Richard sits in on the CFRA Ottawa morning show with guest host Matt Harris to talk the new movies coming to theatres, VOD and streaming services including the Helen Reddy biopic “I Am Woman,” the gritty gangster flick “The Tax Collector,” the glossy rom com “The Broken Hearts Gallery,” the Shakespeare update of “Measure for Measure” and the violent revenge film “Ravage.”
No one will ever say that Shia LaBeouf isn’t committed to his art. He left behind a big-time career in blockbuster movies to concentrate on making smaller, more interesting films. For his latest role, a sociopath who says things like, “Do I have to kill anyone today? I have my nice shoes on,” he got a giant torso tattoo to help him find the character’s authenticity. That’s commitment. It’s a shame “The Tax Collector,” now on VOD, doesn’t make good use of LaBeouf or the tat.
Set in South Los Angeles, the movie follows David (Bobby Soto) and sidekick Creeper (LaBeouf), violent men who collect payments, or “taxes,” from 43 different street gangs for Wizard, an enigmatic crime boss currently residing as a guest of the state. They are feared and respected in equal measure but when Wizard’s old rival Conejo (Jose Martin) shows up after a ten-year absence, life on the street changes. Conejo and his deadly girlfriend (Cheyenne Rae Hernandez)—“She’s like the female you,” David says to Creeper.—plan on taking over, edging Wizard out. David can either sign on or face the grim repercussions for his loyalty to the old regime. When he refuses to kiss the ring and join the new family things get bloody. “Everything you love is going to die real fast.”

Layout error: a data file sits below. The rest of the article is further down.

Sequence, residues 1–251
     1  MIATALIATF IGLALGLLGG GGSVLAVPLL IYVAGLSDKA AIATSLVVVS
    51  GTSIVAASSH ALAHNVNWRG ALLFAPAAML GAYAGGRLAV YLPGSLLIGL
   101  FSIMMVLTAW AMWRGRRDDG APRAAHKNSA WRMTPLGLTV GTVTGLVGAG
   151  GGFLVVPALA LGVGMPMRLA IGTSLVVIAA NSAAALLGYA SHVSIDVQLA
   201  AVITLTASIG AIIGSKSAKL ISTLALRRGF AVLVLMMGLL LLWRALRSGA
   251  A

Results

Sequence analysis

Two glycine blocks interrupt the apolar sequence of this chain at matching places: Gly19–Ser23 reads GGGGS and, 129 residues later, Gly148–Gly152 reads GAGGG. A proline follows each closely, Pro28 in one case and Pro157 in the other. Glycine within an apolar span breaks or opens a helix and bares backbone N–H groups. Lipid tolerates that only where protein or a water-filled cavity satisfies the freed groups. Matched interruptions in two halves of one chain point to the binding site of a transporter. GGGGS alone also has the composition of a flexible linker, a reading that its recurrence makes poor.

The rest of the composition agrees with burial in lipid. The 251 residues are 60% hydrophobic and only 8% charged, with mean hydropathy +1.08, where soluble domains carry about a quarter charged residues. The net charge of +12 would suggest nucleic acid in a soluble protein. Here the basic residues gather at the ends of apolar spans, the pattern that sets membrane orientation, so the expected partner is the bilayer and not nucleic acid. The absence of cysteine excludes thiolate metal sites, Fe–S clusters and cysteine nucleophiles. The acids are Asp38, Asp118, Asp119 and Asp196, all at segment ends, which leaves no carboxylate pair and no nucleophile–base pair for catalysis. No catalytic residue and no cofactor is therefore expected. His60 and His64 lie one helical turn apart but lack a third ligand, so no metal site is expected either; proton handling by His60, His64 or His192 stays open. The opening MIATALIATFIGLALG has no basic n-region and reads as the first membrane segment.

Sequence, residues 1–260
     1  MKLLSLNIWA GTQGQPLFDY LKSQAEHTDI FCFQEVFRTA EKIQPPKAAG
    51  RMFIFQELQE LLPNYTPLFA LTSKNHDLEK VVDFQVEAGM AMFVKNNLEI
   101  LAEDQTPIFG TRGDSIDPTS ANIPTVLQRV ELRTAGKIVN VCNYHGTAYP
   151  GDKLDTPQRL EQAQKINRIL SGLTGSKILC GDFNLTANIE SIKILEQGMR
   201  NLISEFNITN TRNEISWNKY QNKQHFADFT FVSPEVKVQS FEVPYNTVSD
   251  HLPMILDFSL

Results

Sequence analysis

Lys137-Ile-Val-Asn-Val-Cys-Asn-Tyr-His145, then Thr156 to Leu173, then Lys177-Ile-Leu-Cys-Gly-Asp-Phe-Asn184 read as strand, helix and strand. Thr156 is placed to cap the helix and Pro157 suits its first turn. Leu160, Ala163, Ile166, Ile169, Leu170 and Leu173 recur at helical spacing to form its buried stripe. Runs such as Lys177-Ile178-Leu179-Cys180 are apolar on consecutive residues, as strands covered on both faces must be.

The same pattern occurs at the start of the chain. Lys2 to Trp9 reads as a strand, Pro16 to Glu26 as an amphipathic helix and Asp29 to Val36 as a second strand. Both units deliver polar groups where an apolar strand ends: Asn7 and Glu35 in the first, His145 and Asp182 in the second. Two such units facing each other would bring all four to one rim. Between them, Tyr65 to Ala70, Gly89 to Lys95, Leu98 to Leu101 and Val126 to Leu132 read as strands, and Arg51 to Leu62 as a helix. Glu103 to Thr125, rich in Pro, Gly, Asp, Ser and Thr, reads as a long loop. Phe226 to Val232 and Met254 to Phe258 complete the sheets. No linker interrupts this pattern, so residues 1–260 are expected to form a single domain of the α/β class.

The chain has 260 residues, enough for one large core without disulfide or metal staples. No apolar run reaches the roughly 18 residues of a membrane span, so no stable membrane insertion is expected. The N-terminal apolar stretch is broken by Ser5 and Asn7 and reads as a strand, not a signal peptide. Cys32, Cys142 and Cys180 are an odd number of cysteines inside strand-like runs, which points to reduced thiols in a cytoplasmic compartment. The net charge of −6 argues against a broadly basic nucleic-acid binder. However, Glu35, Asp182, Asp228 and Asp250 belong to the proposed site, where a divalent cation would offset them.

“The Tax Collector” is rich with details of gang life and atmosphere. Unfortunately, it’s also ripe with hackneyed depictions of the same. Director and screenwriter David “Training Day” Ayer replays themes of love, honor, loyalty and family that have been played to death (literally) in almost every gangster film ever made. It’s stylishly made but no amount of tricky camera angles will erase that sense of déjà vu.
It’s propped up somewhat by solid performances from Soto and LaBeouf, who, contrary to internet chatter is not playing a Hispanic character. Soto, as the family man with a dark side, shares good chemistry with LaBeouf in their chattier moments. Ayer perfected the riding-around-in-cars dialogue schtick in “Training Day” and uses they make the most of it here.
The movie’s biggest surprise is the casting of comedian George Lopez as David’s Uncle Louis, a garage mechanic with a violent past. He’s gutsy and gritty and in his limited time on screen makes an impression as opposed to Martin who plays Conejo with all the finesse of a pantomime villain.
“The Tax Collector” is a violent, gore soaked portrait of gang life with nothing new to say.
Richard sits in on the CFRA Ottawa morning show with host Bill Carroll to talk the new movies coming to VOD and streaming services including Shia LeBeouf’s semi-autobiographical story “Honey Boy,” the eco-doc “Spaceship Earth,” the period dramedy “Emma,” the ripped-from-the-headlines “The Assistant,” the family drama “Ordinary Love,” the horror comedy “Extra ordinary,” the ugly divorce proceedings of “Hope Gap” and the neo-realist look at the gig economy “Sorry We Missed You.”